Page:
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Three Charged In Scheme To Defraud Four Churches And A Developer

Geoffrey S. Berman, the United States Attorney for the Southern District of New York, and Philip R. Bartlett, Inspector-in-Charge of the New York Field Division of the United States Postal Inspection Service (“USPIS”), announced today the unsealing of an indictment charging JEFFREY N. CROSSLAND, RAYMOND E. ROBINSON, and STEPHEN C. PARENTE with participating in a conspiracy to defraud four churches and a development company out of more than $3.5 million.  CROSSLAND was arrested this morning at his home in Santa Monica, California, ROBINSON was arrested this morning at his home in Leander, Texas, and PARENTE was arrested this morning at his home in Buford, Georgia. 

Manhattan U.S. Attorney Geoffrey S. Berman said:  “As alleged, these three defendants devised a complex scheme to provide unconventional construction loans to churches and other development projects.  But instead of helping to build houses of worship, the defendants allegedly built a house-of-cards, Ponzi-like scheme.  Now all three have been arrested and face 20 years in prison for their crimes.”

USPIS Inspector-in-Charge Philip R. Bartlett said:  “This case highlights the fact that when money is involved scammers don’t care where it comes from, even if it comes from parishioners at local churches.  There will always be a day of reckoning and today is that day.”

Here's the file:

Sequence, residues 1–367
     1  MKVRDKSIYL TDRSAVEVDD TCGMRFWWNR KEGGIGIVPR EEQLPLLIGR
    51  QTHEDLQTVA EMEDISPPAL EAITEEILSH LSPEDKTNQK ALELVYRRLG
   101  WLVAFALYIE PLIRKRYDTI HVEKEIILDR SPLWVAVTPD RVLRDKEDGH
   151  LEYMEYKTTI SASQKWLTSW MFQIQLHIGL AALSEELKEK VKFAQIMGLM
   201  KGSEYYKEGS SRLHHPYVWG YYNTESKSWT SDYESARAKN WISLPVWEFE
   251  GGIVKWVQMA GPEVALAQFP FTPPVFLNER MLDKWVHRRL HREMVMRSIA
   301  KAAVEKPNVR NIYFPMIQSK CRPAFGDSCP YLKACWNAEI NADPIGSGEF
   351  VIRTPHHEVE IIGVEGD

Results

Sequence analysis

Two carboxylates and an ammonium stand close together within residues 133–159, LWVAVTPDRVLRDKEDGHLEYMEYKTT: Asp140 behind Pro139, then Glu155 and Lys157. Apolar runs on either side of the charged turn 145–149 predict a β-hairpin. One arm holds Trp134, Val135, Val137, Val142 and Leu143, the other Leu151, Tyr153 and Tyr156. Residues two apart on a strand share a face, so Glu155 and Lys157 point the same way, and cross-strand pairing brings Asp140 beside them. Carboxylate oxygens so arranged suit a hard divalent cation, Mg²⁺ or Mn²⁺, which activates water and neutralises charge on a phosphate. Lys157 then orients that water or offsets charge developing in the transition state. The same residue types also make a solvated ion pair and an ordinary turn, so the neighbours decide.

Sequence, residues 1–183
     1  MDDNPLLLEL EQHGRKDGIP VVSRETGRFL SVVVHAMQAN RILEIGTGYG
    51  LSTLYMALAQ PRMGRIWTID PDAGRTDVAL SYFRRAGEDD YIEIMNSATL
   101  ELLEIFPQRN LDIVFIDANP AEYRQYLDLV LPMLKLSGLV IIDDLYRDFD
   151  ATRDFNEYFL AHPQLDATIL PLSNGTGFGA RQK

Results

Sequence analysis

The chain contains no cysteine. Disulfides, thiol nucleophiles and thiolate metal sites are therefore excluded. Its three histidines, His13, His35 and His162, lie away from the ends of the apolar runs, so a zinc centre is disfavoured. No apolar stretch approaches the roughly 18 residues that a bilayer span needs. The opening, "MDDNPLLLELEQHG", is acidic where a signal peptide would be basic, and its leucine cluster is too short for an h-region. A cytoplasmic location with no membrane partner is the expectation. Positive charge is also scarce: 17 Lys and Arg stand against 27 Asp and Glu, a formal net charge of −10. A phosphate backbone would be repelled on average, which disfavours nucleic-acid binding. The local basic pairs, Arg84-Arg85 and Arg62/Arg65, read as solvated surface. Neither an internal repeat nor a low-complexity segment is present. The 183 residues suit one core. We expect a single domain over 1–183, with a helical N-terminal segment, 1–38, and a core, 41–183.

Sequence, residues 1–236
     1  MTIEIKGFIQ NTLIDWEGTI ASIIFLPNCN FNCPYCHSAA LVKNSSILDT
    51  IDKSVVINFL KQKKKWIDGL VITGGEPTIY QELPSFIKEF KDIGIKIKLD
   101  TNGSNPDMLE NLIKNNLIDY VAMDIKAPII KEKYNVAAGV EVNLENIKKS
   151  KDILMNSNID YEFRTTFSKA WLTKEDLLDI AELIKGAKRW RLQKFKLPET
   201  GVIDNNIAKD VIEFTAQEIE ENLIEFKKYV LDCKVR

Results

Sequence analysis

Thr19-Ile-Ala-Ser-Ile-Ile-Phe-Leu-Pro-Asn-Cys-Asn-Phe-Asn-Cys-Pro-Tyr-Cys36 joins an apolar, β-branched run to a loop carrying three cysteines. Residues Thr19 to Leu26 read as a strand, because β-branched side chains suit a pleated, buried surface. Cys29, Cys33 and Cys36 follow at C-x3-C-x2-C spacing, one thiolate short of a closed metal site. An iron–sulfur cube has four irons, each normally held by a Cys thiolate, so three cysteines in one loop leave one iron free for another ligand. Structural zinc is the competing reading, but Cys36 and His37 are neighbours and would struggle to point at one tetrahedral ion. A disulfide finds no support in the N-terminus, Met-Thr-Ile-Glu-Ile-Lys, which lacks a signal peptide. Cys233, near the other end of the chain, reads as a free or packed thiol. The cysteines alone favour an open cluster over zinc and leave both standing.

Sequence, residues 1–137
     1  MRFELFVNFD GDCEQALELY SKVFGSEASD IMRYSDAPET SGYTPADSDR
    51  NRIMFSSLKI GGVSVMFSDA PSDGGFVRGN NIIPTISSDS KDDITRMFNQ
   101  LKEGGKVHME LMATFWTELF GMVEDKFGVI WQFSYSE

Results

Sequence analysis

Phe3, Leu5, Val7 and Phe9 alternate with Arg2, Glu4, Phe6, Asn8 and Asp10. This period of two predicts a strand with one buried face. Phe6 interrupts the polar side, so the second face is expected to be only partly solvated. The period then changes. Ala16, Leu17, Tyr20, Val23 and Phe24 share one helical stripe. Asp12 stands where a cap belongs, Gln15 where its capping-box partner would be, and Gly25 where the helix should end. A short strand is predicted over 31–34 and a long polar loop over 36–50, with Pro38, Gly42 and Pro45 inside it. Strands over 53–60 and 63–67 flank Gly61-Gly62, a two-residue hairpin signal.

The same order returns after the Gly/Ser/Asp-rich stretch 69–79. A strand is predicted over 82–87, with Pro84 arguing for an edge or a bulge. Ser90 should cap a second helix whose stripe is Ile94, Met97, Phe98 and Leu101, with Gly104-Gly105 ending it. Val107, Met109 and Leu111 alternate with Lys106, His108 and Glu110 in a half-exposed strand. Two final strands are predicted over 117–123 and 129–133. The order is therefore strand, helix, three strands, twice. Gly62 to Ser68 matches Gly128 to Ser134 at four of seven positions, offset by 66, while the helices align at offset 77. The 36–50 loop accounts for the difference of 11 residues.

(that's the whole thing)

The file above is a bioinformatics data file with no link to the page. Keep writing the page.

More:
According to the allegations contained in the Indictment[1]:  

CROSSLAND was a managing member of Crossland Capital Partners, LLC (“Crossland Capital”), a purported broker dealer focused on “real estate related capital raising,” located in Santa Monica, California.  He also controlled JC Funding Group, also located in Santa Monica, which was represented to be a corporate entity overseeing various subsidiary lending companies under the JC Funding name.  PARENTE controlled Eagle Capital Investment Partners, LP (“Eagle Capital”), a purported private financial advisory consultancy practice based in Georgia.  ROBINSON was a minister, and was employed by a church-building company based in Missouri, ran Ray Robinson Ministries – a purported consulting firm for churches – and, along with PARENTE, had an ownership interest in Eagle Capital.

In early 2013, CROSSLAND, ROBINSON, and PARENTE began working together purporting to offer unconventional loans to churches and others for construction projects.  They targeted victims, particularly churches, by capitalizing on ROBINSON’s role as a minister and builder of churches.  ROBINSON was responsible for finding clients, PARENTE was responsible for reviewing clients’ financial profiles and assisting them through the loan application process, and CROSSLAND was supposed to provide the funding for the loans. 

CROSSLAND, ROBINSON, and PARENTE perpetrated a scheme in which they defrauded clients (the “Victims”) by inducing them to enter into purported loan agreements, in which the Victims were required to deposit money into a “production account” or “escrow holding account” at an Ohio bank (the “Escrow Account”).  Based on the defendants’ false representations that the deposited money would remain safe and secure in the Escrow Account, the Victims deposited a total of more than $3.5 million into the Escrow Account.